- 18% of the total high yield debt issued last year was concentrated in the energy sector. The slump in crude oil prices and the contraction taking place in the industry, poses a growing threat in terms of credit risk.
   - Aging population has become one of the biggest structural problems, not only for the US but for the majority of the western economies. In the US, aging population is one of the reasons behind the slump in the labor force participation rate (now roughly 62%). Although this rate has been declining during the last 20 years, the rate of decline has been specially steep since the beginning of the financial crisis and subsequent QEs implemented by the Fed. If we take a look at the evolution of the rate by age tranches we  see that since the financial repression started, the participation of people above 55 years has skyrocketed, while teenagers participation have been falling dramatically. In my view, there´s no wonder why this has happened. Apart from the obvious explanation coming from "aging", people now need to work longer and save more if they want to get the same retirement income they expected to get before both the crisis and the financial repression started.
With an aging population (which means more people living on pensions and public money, increasing social security spending, etc…), a labor force base highly dependent on those above 55 (so closer to retirement), and the youngest falling apart…, I wonder how, when and who is going to pay for those record and increasing Debt to GDP ratios.
   - Looking to the Euro Zone and its common monetary policy, I would argue that the different countries have (and have always had), completely different "natural rates", so they should have completely different "actual rates". A common interest rate would be too high for some countries and too low for others. So the system will be diverging until it finally explodes. No amount of QE will ever work.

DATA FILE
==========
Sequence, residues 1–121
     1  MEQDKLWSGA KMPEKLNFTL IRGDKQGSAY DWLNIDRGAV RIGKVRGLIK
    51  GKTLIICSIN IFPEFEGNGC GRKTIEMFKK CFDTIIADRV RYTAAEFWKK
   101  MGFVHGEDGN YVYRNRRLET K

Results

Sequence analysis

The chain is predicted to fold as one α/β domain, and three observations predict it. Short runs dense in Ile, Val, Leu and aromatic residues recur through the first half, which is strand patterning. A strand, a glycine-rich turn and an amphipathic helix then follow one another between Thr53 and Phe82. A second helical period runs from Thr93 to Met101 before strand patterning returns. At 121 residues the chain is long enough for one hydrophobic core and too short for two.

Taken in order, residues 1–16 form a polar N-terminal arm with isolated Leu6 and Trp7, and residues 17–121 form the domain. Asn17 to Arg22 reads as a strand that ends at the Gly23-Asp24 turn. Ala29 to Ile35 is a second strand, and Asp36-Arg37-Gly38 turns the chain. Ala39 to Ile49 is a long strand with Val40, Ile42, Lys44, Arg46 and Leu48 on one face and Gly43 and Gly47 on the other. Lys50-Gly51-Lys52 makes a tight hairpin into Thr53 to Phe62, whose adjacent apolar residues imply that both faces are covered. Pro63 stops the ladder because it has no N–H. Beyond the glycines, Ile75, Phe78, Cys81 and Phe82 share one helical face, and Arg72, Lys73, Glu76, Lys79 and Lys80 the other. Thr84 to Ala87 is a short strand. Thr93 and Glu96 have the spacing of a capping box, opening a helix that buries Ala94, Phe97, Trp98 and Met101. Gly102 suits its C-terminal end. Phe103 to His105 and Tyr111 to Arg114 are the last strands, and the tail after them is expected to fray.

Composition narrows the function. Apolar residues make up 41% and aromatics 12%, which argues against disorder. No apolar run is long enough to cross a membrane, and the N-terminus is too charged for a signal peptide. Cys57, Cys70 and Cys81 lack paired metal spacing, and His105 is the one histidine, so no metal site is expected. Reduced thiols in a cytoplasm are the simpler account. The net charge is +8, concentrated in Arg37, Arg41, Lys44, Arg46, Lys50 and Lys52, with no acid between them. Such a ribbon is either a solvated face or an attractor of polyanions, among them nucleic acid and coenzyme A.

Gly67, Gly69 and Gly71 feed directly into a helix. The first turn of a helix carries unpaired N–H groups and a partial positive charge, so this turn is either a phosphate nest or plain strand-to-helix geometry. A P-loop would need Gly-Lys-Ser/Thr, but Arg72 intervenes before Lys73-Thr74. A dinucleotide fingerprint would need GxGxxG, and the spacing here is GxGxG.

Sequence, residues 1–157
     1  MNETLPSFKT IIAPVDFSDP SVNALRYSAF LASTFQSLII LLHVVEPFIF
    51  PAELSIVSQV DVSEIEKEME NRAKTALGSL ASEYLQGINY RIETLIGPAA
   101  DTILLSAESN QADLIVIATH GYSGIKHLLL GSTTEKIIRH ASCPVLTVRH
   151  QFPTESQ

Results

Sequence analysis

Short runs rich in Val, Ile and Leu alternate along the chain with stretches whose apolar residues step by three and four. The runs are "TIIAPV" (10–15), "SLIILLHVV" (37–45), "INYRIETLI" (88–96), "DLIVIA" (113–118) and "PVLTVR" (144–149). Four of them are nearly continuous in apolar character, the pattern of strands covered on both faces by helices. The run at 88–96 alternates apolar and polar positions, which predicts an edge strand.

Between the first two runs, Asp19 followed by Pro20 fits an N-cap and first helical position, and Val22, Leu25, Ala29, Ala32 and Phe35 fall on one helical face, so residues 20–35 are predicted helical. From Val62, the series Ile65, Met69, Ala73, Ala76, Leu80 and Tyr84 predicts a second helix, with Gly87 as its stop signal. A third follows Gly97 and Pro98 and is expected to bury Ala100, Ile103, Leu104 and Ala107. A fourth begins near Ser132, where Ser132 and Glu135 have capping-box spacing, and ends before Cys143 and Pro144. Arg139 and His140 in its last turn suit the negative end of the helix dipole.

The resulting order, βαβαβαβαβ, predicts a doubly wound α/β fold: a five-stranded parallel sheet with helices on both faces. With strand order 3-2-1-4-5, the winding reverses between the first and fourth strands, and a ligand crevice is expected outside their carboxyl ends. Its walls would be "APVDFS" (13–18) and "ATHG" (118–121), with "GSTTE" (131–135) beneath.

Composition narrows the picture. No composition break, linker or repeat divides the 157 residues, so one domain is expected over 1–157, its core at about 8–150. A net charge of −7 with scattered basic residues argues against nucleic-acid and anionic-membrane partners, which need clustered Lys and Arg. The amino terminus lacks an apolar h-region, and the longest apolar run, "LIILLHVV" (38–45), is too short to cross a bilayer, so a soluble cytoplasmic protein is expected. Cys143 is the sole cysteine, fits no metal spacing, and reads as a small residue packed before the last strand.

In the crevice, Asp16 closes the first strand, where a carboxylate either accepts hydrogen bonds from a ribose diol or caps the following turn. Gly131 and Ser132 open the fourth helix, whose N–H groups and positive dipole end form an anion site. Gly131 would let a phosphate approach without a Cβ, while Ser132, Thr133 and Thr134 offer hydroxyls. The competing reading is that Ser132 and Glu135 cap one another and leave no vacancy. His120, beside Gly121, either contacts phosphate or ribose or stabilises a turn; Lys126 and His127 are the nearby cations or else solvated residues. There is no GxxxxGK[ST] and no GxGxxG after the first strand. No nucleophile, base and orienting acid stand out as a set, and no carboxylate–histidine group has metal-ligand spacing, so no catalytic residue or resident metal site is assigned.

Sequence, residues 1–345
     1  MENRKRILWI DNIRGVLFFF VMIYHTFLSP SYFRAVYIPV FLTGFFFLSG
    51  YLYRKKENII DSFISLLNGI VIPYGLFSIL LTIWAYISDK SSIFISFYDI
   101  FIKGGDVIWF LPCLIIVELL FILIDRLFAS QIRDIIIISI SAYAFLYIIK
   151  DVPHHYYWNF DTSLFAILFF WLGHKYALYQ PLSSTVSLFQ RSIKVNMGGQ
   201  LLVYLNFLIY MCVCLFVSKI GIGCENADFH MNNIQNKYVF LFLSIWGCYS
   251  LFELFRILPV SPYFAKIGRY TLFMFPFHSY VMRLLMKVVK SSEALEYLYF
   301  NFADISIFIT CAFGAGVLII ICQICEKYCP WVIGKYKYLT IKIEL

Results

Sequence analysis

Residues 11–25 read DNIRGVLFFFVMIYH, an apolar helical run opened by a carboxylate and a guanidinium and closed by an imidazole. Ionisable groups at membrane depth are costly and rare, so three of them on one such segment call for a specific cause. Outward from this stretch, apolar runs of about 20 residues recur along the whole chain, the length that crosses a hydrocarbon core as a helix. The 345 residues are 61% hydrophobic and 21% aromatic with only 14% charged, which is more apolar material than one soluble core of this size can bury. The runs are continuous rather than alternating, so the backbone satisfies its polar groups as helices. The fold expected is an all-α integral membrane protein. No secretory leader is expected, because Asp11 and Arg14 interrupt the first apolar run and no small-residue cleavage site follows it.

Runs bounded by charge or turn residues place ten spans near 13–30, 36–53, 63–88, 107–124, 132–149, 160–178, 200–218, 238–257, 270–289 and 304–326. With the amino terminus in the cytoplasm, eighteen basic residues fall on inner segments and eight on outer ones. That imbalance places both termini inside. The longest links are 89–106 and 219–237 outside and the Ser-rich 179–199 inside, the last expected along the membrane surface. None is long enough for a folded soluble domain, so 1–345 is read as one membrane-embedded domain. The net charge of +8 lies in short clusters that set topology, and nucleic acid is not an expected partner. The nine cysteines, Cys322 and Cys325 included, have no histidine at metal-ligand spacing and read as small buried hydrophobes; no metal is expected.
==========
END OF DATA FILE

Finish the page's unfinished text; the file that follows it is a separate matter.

My feeling after hearing officials from both the ECB and the Fed talk in these Madrid Events, is that they have implemented all these new age Quantitative measures simply because previously they entered a vicious circle of systematic intervention in both the economic cycles and the markets, things have spiraled  out of  their hands, volatility is mounting with an unprecedented sequence of booms and busts, and they found a huge asymmetry when they had to decide between a "do nothing" response to the financial crisis (taking the risk of letting the system explode), and an "unprecedented active" response (taking the risk of navigating unchartered waters and ultimately "perhaps" being wrong).
I think that we are simply in the last scenario, thus navigating unchartered waters with no conviction on the final outcome of the measures they have implemented, the forward guidance given time after time, and all simply based on trial and error. 
The most worrying aspect of all this is that as rates remain stuck at zero and CBs run out of ammunition after the implementation of these immense QE programs, they have no margin for error, which leaves the system highly vulnerable to any economic or external shock.
At the end of the day markets will find evidence that there´s no infallible thorough model, no math, no science… but simply hope and time buying behind CBs policies. It´s like the emperor without any clothes but nobody will tell him. That´s why I think the next very big crisis won´t be a financial crisis, but a crisis of confidence.
These days we´ve been hearing about many forms of "exits" in the markets (Brexit, Grexit, etc..), but I think that the very important exit that we should be talking about is the "FEDXIT", and I don’t mean tapering, but the real fall apart of the Fed (and CBs in general) from the economic cycles and the markets.

Francisco Esteban, Portfolio Manager at Alpha Plus Gestora SGIIC